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Queer people and trauma

Updated: May 1

Living life as a queer person is undoubtedly full of challenges, queer people face an almost constant barrage of discrimination and negativity. Research has shown that queer youth face a much higher risk of being exposed to traumatic events than non-queer youth. Further to this some research has suggested that as much as 68% of queer youth may be exposed to some form of traumatic event before the age of 16. However, it is not all bad news, studies also show that positive role models, strong support networks and professional help can all help to lessen the effect of trauma on queer youth.

It’s not just queer youth that are risk either, queer adults have also been shown to have a much higher risk factor of being exposed to trauma than other members of the general community. A lot of this trauma is directly related to the discrimination queer people face daily and is linked to the development of potential complex trauma.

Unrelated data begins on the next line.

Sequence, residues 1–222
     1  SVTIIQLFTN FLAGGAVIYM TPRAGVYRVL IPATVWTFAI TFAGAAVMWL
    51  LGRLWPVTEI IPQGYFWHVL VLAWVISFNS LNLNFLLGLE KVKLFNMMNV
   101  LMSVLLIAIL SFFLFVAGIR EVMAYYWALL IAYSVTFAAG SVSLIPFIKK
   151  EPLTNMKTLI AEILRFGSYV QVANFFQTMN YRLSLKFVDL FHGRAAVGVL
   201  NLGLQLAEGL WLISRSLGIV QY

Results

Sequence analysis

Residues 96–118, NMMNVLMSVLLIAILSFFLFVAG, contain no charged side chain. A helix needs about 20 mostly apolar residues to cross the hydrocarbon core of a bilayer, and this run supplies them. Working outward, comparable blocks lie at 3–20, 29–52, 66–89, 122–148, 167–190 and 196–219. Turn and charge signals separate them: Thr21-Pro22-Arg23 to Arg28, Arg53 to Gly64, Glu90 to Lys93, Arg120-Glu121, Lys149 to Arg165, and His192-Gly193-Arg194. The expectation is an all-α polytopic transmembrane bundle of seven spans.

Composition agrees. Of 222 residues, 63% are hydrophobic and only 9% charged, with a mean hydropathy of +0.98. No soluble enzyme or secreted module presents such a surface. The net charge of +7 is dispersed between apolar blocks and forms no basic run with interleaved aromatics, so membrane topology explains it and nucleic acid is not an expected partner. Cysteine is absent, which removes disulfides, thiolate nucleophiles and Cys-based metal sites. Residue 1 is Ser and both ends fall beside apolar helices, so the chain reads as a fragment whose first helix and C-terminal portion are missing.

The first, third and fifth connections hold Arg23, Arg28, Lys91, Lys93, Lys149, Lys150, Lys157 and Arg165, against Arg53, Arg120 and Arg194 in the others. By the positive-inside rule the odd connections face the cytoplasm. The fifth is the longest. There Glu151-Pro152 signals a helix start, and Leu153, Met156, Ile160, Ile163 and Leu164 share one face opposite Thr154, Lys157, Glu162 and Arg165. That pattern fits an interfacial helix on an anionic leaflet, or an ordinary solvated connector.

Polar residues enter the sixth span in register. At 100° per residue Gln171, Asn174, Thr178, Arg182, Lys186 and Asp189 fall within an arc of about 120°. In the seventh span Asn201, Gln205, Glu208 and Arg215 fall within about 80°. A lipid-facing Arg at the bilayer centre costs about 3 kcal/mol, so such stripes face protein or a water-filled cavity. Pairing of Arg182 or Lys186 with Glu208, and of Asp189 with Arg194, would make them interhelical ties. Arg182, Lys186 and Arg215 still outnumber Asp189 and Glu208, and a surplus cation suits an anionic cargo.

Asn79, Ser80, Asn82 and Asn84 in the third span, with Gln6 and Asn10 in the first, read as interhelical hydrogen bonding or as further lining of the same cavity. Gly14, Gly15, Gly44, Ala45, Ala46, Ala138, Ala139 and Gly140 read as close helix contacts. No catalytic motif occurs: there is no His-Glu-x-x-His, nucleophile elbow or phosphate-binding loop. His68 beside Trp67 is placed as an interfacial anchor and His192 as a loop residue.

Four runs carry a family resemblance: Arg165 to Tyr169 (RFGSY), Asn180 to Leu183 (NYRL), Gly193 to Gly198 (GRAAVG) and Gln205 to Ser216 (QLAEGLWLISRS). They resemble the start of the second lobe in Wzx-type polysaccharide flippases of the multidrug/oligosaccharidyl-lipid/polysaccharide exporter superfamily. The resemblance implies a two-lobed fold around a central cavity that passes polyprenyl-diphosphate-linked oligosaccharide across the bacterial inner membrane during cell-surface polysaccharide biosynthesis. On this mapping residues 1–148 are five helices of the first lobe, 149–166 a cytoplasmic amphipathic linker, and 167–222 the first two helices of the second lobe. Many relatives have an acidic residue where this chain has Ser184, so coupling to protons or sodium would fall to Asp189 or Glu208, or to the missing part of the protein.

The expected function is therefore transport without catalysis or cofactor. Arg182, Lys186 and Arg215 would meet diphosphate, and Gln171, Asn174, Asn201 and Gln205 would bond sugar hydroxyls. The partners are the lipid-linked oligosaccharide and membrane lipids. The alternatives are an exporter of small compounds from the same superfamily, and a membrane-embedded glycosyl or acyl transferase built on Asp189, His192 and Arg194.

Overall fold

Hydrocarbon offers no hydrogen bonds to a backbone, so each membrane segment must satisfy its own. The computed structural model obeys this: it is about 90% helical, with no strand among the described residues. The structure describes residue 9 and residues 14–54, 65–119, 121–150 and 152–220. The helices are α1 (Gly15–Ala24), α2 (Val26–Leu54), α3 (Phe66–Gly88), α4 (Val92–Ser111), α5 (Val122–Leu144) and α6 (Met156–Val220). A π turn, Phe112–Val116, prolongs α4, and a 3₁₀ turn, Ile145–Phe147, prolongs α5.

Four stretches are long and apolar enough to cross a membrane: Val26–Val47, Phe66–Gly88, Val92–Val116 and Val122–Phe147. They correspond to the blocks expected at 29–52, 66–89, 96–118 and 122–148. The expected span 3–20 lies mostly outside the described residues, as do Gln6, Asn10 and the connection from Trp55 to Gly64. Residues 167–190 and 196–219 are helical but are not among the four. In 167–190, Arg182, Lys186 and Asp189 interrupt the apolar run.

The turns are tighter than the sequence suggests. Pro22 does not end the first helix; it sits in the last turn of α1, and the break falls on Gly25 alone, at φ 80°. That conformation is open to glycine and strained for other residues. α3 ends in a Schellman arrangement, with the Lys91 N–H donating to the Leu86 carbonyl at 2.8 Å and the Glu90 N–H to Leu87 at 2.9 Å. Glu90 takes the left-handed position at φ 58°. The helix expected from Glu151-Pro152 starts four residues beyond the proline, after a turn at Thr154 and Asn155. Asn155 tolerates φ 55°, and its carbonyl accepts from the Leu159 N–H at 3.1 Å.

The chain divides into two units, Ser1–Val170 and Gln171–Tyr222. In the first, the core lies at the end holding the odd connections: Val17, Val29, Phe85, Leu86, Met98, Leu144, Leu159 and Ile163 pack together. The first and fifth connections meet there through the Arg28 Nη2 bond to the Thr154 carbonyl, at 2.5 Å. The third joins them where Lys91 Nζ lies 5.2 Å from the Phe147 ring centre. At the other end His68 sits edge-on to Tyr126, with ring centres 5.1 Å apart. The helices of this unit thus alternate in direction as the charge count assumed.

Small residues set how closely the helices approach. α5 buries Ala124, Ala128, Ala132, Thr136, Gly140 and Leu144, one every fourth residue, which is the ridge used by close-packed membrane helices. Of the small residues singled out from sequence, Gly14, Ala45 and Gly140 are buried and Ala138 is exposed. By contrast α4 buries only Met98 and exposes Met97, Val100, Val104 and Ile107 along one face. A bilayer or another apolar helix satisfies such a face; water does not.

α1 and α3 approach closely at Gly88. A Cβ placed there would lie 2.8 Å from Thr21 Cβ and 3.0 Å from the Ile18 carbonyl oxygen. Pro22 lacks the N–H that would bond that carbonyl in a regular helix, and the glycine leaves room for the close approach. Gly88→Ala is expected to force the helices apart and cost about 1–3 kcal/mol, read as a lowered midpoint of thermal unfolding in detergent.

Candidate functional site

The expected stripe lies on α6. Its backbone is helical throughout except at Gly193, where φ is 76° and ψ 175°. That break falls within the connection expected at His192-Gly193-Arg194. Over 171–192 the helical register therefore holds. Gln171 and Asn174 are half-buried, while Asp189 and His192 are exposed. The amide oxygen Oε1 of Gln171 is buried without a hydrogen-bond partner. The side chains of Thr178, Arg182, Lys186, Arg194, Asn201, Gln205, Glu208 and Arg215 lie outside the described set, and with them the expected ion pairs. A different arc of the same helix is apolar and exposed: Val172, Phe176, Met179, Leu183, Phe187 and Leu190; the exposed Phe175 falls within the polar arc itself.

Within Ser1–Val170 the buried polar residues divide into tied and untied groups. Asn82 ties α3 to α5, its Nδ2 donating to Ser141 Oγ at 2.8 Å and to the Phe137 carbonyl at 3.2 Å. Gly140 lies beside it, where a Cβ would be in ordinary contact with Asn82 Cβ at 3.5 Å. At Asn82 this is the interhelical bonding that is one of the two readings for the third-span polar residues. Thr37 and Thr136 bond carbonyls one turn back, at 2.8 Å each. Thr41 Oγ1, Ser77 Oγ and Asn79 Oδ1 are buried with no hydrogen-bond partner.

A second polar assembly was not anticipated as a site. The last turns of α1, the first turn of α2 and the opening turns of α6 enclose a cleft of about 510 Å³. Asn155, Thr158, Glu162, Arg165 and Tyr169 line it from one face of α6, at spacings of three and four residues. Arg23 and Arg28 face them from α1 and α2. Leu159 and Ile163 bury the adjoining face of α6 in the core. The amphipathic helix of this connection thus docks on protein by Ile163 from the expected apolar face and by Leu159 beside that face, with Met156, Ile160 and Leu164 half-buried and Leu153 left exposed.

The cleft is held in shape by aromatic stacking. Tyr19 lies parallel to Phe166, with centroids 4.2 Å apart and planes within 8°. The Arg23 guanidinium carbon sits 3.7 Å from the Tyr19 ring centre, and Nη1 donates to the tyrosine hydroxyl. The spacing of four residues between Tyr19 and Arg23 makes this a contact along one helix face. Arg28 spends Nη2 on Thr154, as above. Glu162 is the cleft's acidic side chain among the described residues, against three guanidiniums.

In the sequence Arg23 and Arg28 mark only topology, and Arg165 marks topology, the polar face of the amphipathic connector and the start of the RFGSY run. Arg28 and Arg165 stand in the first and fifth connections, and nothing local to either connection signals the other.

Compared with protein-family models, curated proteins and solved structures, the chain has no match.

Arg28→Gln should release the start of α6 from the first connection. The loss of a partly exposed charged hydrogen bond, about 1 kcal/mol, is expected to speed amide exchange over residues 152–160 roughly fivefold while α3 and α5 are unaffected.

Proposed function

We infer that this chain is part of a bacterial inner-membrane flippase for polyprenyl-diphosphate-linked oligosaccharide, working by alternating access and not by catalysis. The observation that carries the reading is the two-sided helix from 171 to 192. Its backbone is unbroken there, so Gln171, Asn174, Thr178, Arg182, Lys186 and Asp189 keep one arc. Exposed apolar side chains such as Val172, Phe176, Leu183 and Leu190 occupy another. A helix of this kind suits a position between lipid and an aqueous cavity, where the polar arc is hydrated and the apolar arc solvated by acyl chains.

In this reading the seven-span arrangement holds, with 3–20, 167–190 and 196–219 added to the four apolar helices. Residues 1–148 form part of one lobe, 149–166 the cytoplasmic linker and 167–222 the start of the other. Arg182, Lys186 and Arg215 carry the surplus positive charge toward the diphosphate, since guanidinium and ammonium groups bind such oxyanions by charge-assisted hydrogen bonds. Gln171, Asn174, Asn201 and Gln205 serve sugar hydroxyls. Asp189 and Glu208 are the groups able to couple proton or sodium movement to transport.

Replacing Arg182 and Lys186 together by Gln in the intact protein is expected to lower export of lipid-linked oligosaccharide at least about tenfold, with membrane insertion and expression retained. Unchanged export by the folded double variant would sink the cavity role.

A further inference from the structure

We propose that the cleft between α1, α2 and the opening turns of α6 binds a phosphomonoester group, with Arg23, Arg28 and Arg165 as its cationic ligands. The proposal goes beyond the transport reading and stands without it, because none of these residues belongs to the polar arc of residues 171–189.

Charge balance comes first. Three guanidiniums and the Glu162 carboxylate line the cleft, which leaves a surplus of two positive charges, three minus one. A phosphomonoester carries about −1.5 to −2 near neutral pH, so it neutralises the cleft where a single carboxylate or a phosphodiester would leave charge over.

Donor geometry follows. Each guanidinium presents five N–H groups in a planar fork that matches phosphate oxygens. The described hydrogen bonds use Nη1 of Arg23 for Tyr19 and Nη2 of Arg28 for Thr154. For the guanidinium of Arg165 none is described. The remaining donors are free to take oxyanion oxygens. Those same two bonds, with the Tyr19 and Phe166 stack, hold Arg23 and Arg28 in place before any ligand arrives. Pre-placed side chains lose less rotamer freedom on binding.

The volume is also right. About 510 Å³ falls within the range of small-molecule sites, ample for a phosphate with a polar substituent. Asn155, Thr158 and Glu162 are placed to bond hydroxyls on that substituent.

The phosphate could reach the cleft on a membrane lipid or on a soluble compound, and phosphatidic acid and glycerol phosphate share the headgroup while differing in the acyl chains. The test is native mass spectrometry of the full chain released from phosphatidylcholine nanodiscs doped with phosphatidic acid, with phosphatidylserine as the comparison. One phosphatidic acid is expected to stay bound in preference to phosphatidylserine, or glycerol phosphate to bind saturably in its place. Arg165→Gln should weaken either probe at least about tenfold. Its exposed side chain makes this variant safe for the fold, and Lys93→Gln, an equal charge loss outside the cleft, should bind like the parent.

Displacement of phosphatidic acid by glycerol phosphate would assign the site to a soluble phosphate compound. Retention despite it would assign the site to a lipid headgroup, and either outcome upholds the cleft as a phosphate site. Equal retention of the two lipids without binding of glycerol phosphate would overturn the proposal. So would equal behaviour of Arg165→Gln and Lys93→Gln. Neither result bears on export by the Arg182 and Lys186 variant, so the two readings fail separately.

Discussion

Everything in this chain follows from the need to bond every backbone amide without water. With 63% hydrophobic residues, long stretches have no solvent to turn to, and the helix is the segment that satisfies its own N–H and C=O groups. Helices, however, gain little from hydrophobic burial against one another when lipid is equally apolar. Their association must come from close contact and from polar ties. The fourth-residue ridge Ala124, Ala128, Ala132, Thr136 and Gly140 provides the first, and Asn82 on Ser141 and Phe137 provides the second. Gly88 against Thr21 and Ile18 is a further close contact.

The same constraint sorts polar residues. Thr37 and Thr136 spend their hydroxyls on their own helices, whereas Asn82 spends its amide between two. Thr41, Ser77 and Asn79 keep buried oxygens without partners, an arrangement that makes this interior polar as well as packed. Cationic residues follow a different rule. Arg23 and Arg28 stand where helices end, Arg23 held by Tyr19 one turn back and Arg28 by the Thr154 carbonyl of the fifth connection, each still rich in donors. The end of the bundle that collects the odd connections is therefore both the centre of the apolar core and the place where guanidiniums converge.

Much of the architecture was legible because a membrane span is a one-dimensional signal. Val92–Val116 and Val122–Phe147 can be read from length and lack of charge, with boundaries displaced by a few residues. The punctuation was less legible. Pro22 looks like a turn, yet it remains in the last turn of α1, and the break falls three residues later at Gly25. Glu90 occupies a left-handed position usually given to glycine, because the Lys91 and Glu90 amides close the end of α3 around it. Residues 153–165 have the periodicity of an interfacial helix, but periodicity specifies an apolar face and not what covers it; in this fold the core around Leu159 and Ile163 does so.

Complex trauma in queer people can often manifest as internalised homophobia, as well as substance abuse issues, anxiety, depression, and other forms mental health related issues. The most effective way of combating complex trauma in the queer community is engaging in therapeutic counselling aimed at breaking down the negative reinforcements established through the pervasive anti-queer discrimination and helping to build self-esteem and re-establish positive reinforcement.

If you believe you have been impacted by trauma as a queer person download the free questionnaire about signs and symptoms of trauma or you can book a free 15 minute consultation and we can discuss how to move through your trauma and reclaim your authentic self.


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DOWNLOAD THE FREE QUEER PERSONS TRAUMA QUESTIONNAIRE


The Queer Persons Trauma Questionnaire
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